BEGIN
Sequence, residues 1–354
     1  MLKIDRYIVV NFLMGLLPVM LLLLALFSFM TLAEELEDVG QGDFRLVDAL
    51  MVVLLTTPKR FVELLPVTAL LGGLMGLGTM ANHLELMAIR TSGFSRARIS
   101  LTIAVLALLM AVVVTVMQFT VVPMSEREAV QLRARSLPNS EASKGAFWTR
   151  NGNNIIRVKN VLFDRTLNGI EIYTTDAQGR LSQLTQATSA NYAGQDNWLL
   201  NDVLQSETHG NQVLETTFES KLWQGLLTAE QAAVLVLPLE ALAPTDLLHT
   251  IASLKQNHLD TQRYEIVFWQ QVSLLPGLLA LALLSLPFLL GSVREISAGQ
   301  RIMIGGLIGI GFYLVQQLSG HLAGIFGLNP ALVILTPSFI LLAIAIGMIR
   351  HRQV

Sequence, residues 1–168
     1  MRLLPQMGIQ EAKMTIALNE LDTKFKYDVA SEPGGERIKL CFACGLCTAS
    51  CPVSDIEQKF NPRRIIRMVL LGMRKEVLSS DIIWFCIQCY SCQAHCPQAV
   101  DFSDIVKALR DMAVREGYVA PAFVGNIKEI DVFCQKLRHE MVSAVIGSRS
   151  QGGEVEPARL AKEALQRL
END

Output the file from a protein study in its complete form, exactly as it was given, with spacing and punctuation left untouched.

Sequence, residues 1–354
     1  MLKIDRYIVV NFLMGLLPVM LLLLALFSFM TLAEELEDVG QGDFRLVDAL
    51  MVVLLTTPKR FVELLPVTAL LGGLMGLGTM ANHLELMAIR TSGFSRARIS
   101  LTIAVLALLM AVVVTVMQFT VVPMSEREAV QLRARSLPNS EASKGAFWTR
   151  NGNNIIRVKN VLFDRTLNGI EIYTTDAQGR LSQLTQATSA NYAGQDNWLL
   201  NDVLQSETHG NQVLETTFES KLWQGLLTAE QAAVLVLPLE ALAPTDLLHT
   251  IASLKQNHLD TQRYEIVFWQ QVSLLPGLLA LALLSLPFLL GSVREISAGQ
   301  RIMIGGLIGI GFYLVQQLSG HLAGIFGLNP ALVILTPSFI LLAIAIGMIR
   351  HRQV

Sequence, residues 1–168
     1  MRLLPQMGIQ EAKMTIALNE LDTKFKYDVA SEPGGERIKL CFACGLCTAS
    51  CPVSDIEQKF NPRRIIRMVL LGMRKEVLSS DIIWFCIQCY SCQAHCPQAV
   101  DFSDIVKALR DMAVREGYVA PAFVGNIKEI DVFCQKLRHE MVSAVIGSRS
   151  QGGEVEPARL AKEALQRL